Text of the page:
Details: Nikon D7000, Nikkor 50mm/f1.8 at f4. Untracked 14 minutes (168 x 5 seconds) at iso 1600. Using didymium filter and stacked with Deep Sky Stacker.
Here’s another close up of the Lagoon and Trifid nebulas taken at 105mm with the Nikkor 18-105mm lens. It picks them out reasonably well, with quite a bit more close up detail than the longer 50mm shot. However, I’ve realised if I want to improve these shots than I’ll need to use a lens better suited to the job. I have my eye on the ‘legendary‘ Nikkor 180mm f2.8 ED.. I’ll have no excuses then!
Details: Nikkor 18-105mm/f3.5-5.6 at f5.6. Untracked 3 minutes 20 seconds (100 x 2 seconds) at iso 6400. Using didymium filter and stacked with Deep Sky Stacker
This is easily the best astro shot I’ve managed to date. Taken using a combination of the cross filter and the new didymium / red enhancing filter which really draws out the nebulosity in Cygnus. The North America nebula, Pelican nebula and Butterfly nebula can all be seen in this 1000 second (10×100 seconds) exposure.
I’ll probably try the same shot again, but without using the cross filter. I think it can work well in single exposures, but Deep Sky Stacker has a hard time with multiple exposures, and the effect gets a bit too distracting.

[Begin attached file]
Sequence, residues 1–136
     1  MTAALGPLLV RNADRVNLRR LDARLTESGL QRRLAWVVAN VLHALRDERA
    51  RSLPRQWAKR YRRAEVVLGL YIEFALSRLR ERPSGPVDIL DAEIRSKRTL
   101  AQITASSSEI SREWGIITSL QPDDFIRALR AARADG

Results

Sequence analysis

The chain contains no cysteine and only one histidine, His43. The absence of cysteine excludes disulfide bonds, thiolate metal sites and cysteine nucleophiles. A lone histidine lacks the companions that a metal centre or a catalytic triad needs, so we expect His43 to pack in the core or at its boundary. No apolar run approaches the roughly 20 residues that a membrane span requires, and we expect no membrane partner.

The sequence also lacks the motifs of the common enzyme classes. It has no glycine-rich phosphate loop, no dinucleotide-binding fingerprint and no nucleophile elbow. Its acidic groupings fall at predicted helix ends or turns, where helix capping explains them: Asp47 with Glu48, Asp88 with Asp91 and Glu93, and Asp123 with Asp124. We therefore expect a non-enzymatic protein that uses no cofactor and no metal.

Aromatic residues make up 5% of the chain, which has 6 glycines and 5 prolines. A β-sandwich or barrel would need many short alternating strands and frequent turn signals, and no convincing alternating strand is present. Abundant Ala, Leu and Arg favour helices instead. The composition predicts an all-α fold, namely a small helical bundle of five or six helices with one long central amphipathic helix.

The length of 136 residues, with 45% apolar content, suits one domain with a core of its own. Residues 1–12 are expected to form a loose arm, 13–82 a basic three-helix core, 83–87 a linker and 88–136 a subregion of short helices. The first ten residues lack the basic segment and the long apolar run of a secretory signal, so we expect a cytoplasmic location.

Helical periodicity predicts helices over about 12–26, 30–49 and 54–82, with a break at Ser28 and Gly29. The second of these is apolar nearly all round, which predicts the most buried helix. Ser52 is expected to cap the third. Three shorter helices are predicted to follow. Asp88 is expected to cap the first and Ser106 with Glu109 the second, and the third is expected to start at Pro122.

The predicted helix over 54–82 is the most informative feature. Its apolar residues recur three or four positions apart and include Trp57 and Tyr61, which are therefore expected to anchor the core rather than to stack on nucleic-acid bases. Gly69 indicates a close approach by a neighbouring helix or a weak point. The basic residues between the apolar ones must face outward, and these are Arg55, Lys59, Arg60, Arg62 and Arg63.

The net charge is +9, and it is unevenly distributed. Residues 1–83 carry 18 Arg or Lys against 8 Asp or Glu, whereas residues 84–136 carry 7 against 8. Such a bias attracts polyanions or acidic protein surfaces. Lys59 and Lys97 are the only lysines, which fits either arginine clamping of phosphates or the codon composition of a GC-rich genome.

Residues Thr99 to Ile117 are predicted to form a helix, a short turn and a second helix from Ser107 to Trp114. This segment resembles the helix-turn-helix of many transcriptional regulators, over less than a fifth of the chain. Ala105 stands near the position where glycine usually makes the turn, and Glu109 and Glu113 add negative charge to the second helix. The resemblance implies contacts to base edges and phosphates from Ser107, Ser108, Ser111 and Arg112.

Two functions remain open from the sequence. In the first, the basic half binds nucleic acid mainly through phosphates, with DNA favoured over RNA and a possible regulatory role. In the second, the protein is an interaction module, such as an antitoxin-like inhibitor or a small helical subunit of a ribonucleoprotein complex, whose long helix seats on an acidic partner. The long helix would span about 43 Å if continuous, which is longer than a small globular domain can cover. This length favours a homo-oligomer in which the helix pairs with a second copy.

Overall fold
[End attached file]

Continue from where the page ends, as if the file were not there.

Details: Nikon D7000, Nikkor 50mm/f1.8 at f4. 16 minutes 40 seconds (10 x 100 seconds) at iso 800. Using cross filter and didymium filter. Stacked with Deep Sky Stacker and tracked with barn door tracker.
A few days later I had a go at imaging the North America nebula with the Nikkor 18-105mm/f3.5-5.6 lens. I accidentally took the photos as 70mm, so there isn’t much difference to the 50mm; just a lot less light gathering power!
Details: Nikon D7000, Nikkor 18-105mm/f3.5-5.6 at 70mm and f5.2. 18 minutes (12 x 90 seconds) at iso 1600. Using didymium filter. Stacked with Deep Sky Stacker and tracked with barn door tracker.